[From December Issue 2011]

Even before they enter elementary school, Japanese children are kept busy every day with classes. A variety of subjects are available, including swimming, piano, Japanese calligraphy, and foreign languages. Approximately 80% of pre-elementary school children attend at least one class. There are even children who manage to attend around four or five classes. The monthly tuition and other fees for one class can cost between 5,000 yen to 10,000 yen.

There are over 200 children attending Yoseikan, a karate dojo in Numazu City, Shizuoka Prefecture. Of them, 43 students are in kindergarten. The main reason the parents chose this dojo is so their children can learn self-discipline and good manners. At the dojo qualities of independence are encouraged by teaching children the proper way to reply to questions, how to greet others, how to correctly remove and stow their shoes and correct posture. Yoseikan is not only a place where you can acquire karate skills; it’s also a place that builds mental strength.

“In Japan children used to be taught discipline and correct manners at school and at home, but in modern Japan this is no longer the case. These days adults are inconsiderate of others, and do not exchange greetings. Such adults cannot properly teach their children what is right and what is wrong,” says the head of the dojo, WATANABE Takato.

The mother of a kindergarten student attending the dojo says, “After my child began karate here, he become more positive about facing challenges, he also lines up his own shoes at the entrance after taking them off without anyone telling him to do so. He looks forward to every class saying, ‘Karate is tough but fun.’”

Watanabe says, “Once children acquire that enjoyable feeling that they can do anything they put their mind to, they begin to aim higher and thus develop their natural abilities. In fact, one of our third year elementary school girls won the national championships in 2010.”

Recently, because of the influence of figure skater ASADA Mao and golfer ISHIKAWA Ryo, the numbers of children taking lessons in sports that are typically considered to be for adults only have risen. Kid’s Golf located in Minato Ward, Tokyo, provides golf lessons for children. The most unusual feature of this school is the location of the classes; together with an instructor, children practice on an actual golf course.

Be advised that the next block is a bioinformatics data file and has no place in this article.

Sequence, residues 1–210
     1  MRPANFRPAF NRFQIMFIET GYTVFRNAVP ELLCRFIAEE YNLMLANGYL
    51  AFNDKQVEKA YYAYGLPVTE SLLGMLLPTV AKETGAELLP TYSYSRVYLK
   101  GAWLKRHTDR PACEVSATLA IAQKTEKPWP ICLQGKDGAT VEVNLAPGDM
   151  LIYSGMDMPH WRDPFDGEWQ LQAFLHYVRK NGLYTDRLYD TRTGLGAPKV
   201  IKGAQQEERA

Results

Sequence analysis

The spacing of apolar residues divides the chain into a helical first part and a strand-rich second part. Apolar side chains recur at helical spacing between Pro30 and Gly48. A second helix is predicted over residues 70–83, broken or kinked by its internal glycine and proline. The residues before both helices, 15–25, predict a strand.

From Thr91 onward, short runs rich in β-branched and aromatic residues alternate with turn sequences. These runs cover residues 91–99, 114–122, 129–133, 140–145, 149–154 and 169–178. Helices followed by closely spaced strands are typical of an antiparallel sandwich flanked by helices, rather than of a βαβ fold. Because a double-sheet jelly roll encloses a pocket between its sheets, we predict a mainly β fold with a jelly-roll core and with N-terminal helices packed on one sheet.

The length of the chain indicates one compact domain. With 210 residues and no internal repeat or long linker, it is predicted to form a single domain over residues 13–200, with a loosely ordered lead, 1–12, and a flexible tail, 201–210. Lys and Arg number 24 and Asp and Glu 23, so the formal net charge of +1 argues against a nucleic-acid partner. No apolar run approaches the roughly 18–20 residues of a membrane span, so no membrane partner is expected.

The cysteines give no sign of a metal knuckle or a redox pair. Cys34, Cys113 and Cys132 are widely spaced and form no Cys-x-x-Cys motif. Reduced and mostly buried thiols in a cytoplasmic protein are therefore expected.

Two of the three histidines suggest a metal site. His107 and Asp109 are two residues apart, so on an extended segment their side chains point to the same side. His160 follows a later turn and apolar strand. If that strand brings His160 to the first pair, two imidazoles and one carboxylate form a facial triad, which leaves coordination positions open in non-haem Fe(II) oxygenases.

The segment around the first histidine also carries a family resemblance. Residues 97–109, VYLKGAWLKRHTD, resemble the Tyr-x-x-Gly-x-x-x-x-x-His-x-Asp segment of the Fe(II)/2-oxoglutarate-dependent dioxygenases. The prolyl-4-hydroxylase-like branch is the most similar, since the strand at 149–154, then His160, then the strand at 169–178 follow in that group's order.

PR representative, KOSHIGOE Saeko says, “Japan does not have an environment where children can enjoy a lighthearted game of golf on a golf course. Our aim is to offer an opportunity for children to get a taste of what golf is, and hope they will grow to like it.”

At 37,000 yen for two lessons a month, tuition is rather expensive, but there is no dress code and golf clubs can be rented free of charge. There are currently approximately 40 first to sixth grade elementary school students of both sexes enrolled at the school. Many golf-mad parents sign their children up for lessons, but as children quickly improve they too find themselves completely caught up in the sport.

Giving children the opportunity to study a variety of subjects increases the chances that they’ll realize their true potential. Parents express their love for their children by giving them this chance to grow into respectable adults while enjoying themselves.

Yoseikan, Karate Dojo, Japan Karate Kohshi Association
Kids Golf Inc.

Text: MUKAI Natsuko子











日本空手道鴻志会 空手道場 養正館


1 Comment

  1. Ali

    That’s a great story! My son wants an Everlast heavy bag to train with. My father, who was a pnsseofioral boxer, taught me to box with a heavy bag. They’re great for boxing or martial arts training, and excellent for exercise.Okay, I really wanted to post because of your cool drawing of the dummy. I love it! Honestly, it has a very surreal quality to it, like a Dali or a Magritte. I want to buy it!

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